An Easier New Year's Resolution to Follow

Instead of vowing to do something new in 2006, try finding something new to know.
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New Year's resolutions are always about

doing

things, like exercising, quitting smoking, or otherwise changing your basic daily habits to reach a particular goal. That's why resolutions are so quickly abandoned -- because they require change.

But how about resolving to

know

things this year? That's a process that doesn't involve actually doing anything different, unless you really want to. Just resolving to know shouldn't be so tough.

After all, when you were little you looked under the bed to make sure the bogeyman wasn't waiting to pounce when the lights went out. Back then you

wanted

to know, wanted certainty. And there was a good, warm feeling when you realized there were no dangers lurking in the night.

What are you afraid of knowing now? Maybe your resolution this New Year should be to check out those lurking worries -- especially the financial ones. You shouldn't be afraid to take a peek, and I'm going to make it easy!

Know How Much You Owe

Let's start with a simple step, but a huge stumbling block for many people worried about their finances. Figure out how much you owe. Resolve to pile up the credit card bills that will soon start arriving, and open them all at once. Then, simply make a list of the outstanding balance, the minimum monthly payment and the interest rates.

And then you'll know. I'm not going to preach about what you should

do

. You're smart enough to figure that out. But if you're overwhelmed by those totals, you can get help from Consumer Credit Counseling Services at 800-388-2227.

Know Where Your Money Went

You don't really want to know that either, do you? What are you worried about? Making the same mistakes this year? Here's how to know every penny you're spending this year.

Buy the 2006 version of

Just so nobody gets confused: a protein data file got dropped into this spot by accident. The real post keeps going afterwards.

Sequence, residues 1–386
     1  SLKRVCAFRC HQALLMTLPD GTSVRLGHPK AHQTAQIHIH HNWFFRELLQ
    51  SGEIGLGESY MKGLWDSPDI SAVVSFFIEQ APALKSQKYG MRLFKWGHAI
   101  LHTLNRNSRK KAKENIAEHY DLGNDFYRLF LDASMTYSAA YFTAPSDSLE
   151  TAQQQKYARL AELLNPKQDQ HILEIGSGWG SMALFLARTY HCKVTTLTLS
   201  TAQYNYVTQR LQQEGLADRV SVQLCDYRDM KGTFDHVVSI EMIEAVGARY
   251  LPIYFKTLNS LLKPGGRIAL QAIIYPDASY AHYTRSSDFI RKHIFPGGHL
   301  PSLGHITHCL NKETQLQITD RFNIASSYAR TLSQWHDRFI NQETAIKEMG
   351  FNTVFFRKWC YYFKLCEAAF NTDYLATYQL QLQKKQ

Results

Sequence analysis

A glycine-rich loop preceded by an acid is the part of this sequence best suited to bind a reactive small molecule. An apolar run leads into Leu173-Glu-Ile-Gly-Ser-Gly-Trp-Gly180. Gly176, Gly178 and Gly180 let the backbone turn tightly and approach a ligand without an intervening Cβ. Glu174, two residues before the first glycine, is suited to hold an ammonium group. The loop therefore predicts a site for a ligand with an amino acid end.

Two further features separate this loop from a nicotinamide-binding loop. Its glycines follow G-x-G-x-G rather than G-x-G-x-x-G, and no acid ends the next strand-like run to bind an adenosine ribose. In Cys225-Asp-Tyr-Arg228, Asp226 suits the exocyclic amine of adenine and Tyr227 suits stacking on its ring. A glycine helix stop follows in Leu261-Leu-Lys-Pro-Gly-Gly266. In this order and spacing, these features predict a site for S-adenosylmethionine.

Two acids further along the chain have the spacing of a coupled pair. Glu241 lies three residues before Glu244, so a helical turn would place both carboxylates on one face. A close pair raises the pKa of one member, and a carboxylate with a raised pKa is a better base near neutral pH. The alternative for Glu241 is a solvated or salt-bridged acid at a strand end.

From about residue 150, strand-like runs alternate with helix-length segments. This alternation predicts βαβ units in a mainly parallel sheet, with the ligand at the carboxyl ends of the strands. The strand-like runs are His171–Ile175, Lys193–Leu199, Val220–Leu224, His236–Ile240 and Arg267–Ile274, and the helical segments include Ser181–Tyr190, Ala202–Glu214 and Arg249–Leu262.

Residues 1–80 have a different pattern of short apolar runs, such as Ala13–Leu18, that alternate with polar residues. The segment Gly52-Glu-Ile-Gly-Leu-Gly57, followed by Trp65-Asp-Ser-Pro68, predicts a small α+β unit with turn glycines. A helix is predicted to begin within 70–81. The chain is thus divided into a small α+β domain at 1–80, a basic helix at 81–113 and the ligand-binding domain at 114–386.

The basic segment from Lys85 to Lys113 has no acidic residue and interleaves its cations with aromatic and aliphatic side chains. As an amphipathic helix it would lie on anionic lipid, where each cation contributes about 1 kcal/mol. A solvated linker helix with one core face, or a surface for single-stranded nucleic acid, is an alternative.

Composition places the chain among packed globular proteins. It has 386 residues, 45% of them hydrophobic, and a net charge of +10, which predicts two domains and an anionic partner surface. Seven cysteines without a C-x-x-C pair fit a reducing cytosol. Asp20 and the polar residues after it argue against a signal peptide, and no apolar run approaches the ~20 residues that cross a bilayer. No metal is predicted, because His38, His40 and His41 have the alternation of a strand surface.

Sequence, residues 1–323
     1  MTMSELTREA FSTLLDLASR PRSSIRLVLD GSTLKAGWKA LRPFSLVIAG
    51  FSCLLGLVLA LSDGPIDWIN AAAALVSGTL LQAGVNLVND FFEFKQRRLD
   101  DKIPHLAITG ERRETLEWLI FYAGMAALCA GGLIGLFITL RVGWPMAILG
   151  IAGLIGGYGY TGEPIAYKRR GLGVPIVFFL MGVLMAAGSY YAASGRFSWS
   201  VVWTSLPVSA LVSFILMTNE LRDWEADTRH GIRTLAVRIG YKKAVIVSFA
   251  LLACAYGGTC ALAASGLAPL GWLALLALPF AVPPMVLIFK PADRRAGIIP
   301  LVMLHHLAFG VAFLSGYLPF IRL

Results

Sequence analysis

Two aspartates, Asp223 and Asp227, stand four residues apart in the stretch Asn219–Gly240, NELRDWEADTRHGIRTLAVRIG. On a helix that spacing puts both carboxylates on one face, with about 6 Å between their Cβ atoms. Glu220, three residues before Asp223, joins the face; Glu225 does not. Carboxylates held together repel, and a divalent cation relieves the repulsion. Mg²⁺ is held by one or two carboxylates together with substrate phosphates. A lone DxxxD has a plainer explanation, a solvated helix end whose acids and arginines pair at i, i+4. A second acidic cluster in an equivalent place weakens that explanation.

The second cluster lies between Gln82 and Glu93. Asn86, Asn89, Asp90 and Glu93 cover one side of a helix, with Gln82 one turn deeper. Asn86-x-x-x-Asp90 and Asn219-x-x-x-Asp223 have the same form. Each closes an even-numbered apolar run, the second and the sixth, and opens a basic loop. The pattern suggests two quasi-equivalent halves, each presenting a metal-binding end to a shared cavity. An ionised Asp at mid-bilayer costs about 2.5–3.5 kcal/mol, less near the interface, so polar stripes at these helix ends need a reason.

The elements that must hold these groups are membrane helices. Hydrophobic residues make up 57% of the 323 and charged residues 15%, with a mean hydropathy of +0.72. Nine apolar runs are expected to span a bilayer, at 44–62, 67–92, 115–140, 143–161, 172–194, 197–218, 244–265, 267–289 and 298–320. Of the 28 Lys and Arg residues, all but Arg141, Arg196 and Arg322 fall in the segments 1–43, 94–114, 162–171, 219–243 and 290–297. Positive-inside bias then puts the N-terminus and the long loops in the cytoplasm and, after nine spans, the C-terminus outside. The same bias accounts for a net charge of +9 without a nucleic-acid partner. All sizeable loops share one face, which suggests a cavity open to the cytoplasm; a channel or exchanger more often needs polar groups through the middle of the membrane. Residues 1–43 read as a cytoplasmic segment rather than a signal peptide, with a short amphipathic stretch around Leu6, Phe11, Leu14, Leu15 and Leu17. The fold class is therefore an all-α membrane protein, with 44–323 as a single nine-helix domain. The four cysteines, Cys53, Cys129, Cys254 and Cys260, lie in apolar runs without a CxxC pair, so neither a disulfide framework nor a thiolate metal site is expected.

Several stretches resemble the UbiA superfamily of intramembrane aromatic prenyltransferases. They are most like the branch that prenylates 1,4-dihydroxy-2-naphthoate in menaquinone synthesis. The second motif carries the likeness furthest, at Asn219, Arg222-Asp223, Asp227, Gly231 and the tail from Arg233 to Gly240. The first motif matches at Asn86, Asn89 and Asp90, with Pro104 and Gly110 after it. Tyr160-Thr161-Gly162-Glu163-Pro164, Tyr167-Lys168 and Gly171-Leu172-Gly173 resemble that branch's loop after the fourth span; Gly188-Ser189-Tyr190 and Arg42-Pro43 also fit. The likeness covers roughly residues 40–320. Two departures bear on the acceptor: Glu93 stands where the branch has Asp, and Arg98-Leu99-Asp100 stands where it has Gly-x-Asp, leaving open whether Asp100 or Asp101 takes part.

Intuit's

(INTU) - Get Report

Quicken or

Microsoft

(MSFT) - Get Report

Money software, and pop the disc into your computer. I assume you're already paying your bills online, but if you aren't, go to your bank's Web site and sign up. You can regularly download your bill pay information into the money management software with a click of your mouse.

You can categorize the spending you do on your credit card when you download the bill payment. And if you use your debit card instead of cash wherever possible -- dry cleaners, gas station, etc. -- those debits will be downloaded as well. You can give all your spending a category.

Now, peek under the bed: With a click of your mouse all your spending is neatly displayed by category in a pie or bar chart. Now you

know

where all the money went.

Know if Your 40l(k) is Wisely Invested

You don't actually have to change your investment choices, but wouldn't it be nice to know if you're doing the right things with the money you set aside? Don't bother asking the person sitting at the desk next to you. He doesn't know either. And, after all, each person is different, with different goals and dreams. So how do you know about what choices you should make?

If your company offers a service called Financial Engines, you have the answers at your fingertips. Then service's tool creates a personalized modeling scenario of how you should best structure your investments within the plan to meet your retirement goals. (If your company doesn't offer this service, go to my

Web site and click on the FinancialEngines blue icon on the home page for a free one-year trial.) You don't actually have to change your fund choices, but at least you'll

know

!

Know if You Can Ever Retire

This is the biggest bogeyman of all. We think we can't possibly know the answer to that one -- much less save and invest enough to reach that goal. So we huddle under the bedsheets, afraid even to peek into the darkness. Nonsense -- there's a very easy way to

know

how much you need to retire, and how much you should save every month.

Just go to

ChoosetoSave.org, where there's a handy calculator called the "Ballpark Estimator" that will do the work for you. The Employee Benefit Research Institute has created a personalized, in-depth process to help you know where you stand and what you might want to do to make your dreams come true.

Surely there are a lot of things you could resolve to

do

in the New Year to change your personal financial future. But you've made those resolutions before, perhaps with little success. So don't feel compelled to take action. Just resolve to peek into the darkness under your personal financial bed.

Just one thing: You have to

want

to

know.

That's the first step to change. And that's The Savage Truth.

Terry Savage is an expert on personal finance and also appears as a commentator on national television on issues related to investing and the financial markets. Savage's personal finance column in the Chicago Sun-Times is nationally syndicated, and she released her fourth book,

The Savage Number: How Much Money Do You Need?

in June 2005. Savage was the first woman trader on the Chicago Board Options Exchange and is a registered investment adviser for stocks and futures. A Phi Beta Kappa graduate of the University of Michigan, Savage currently serves as a director of the Chicago Mercantile Exchange Corp. She also has served on the boards of McDonald's and Pennzoil.